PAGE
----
About half of all Americans in prison have a severe mental illness, according to the American Psychiatric Association. The numbers are even higher for those in local jails. On the front lines, New Hampshire police say they've tried to become more knowledgeable about mental health.
More training has helped, along with public awareness and the state's mental health court system. Still, it's a complex interaction. Too often, says Strafford County Attorney Tom Velardi, people with mental illness and substance abuse end up incarcerated.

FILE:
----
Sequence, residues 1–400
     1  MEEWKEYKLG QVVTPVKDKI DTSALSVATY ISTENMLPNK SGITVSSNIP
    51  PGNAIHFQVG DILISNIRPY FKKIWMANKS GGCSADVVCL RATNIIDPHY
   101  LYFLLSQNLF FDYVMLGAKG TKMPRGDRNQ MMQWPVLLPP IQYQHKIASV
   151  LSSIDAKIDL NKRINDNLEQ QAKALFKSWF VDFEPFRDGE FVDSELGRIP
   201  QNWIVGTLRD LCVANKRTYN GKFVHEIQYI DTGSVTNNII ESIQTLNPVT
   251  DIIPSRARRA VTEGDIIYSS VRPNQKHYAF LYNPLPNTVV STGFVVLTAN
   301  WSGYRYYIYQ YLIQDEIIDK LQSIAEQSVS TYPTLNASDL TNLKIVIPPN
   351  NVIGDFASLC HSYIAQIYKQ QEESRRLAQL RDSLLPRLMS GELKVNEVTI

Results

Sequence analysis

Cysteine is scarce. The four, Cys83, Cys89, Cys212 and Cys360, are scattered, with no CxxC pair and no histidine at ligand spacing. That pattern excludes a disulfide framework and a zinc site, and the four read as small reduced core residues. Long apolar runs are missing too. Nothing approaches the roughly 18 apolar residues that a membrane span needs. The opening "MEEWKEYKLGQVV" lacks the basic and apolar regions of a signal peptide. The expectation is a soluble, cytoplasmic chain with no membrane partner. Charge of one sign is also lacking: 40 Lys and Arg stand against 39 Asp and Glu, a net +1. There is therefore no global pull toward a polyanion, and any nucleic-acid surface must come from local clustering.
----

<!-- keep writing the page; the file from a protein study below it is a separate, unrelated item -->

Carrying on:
"In our local jail, we estimate about 70 percent of the people have a co-occurring disorder. How do you deal with folks that have these diagnoses? First, it's to not force them into a criminal justice system that's not designed to deal with their issues, " he said on The Exchange.
"What we've designed in Strafford County are some systems to try to help identify mental health issues, to not criminalize or escalate mental health issues, and to get people diverted out of the system."
See highlights from the conversation below (edited slightly for length and clarity). For audio of the full Exchange conversation, as well as additional reading and resource materials, visit here.